Vessels to cost $26B a decade ago

While the government says the warships will cost up to $60 billion, Giroux put the figure at more than $77.3 billion.

The vessels were supposed to cost $26 billion when the project to replace the Navy's frigates and destroyers was launched in earnest a decade ago.

Despite the parliamentary budget office's demonstrated track record of predicting such costs over the years, Crosby was adamant about the accuracy of the government's current figure, which was set in June 2017.

"They use a different model than we do, which is okay, it does provide a comparison," he said. "But we're confident in the estimates that we wrote."

Carla Qualtrough, then-minister of public services and procurement and accessibility, announces Lockheed Martin Canada as the designer of 15 new Canadian Surface Combatants to be built at Irving Shipbuilding's Halifax shipyard in 2019. (Darren Calabrese/The Canadian Press)

Crosby also stands by the government's estimates despite recent revelations that the first of the warships, which will be based on the British-designed Type-26 model that has yet to be built by any country, won't arrive until at least 2030. That is years later than expected.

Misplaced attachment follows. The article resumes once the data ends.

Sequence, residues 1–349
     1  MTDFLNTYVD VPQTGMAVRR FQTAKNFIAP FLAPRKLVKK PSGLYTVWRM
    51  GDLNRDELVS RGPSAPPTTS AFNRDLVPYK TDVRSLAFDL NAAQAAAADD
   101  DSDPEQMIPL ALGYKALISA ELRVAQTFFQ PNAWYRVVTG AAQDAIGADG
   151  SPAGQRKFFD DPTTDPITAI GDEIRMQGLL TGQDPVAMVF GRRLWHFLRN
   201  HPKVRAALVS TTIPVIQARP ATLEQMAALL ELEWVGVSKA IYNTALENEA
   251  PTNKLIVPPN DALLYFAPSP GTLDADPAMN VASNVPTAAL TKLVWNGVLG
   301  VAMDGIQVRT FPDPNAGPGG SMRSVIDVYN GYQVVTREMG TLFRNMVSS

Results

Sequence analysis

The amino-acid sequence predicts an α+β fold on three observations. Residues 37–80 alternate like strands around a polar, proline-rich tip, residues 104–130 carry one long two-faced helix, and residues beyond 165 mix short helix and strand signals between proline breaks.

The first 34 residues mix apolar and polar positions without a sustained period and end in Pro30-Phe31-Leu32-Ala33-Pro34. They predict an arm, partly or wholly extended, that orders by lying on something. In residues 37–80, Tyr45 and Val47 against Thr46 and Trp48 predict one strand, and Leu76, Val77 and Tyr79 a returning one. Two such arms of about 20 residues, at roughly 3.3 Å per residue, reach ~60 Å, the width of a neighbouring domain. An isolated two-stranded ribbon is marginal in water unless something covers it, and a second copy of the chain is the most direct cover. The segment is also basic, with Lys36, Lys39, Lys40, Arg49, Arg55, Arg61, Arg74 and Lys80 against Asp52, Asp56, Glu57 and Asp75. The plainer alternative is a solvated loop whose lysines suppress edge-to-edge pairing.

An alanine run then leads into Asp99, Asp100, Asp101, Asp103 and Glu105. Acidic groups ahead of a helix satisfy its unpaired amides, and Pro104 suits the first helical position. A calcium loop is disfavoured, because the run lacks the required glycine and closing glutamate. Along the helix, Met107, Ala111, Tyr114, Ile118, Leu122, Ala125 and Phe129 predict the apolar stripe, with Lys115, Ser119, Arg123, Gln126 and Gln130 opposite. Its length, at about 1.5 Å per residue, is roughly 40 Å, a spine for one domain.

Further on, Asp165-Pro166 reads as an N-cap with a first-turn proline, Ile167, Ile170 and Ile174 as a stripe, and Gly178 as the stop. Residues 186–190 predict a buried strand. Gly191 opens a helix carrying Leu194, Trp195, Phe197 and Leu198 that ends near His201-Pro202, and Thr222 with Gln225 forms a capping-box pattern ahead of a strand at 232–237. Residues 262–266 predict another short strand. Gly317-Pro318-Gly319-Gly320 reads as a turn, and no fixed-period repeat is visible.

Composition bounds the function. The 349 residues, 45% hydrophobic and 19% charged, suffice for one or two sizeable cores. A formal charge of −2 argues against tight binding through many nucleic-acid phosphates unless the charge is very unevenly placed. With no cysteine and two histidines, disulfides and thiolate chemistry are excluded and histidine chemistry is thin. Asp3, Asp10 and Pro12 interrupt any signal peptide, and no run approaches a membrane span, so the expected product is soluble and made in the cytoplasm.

Officials previously questioned Giroux's figure, suggesting he put too much emphasis on the ship's weight in his calculations and included tax, which they say the government doesn't have to pay.

Crosby also noted the $60-billion figure includes contingency funds, adding his confidence in that number is based on having more understanding about the project as it has moved from an abstract idea over the years to a real design.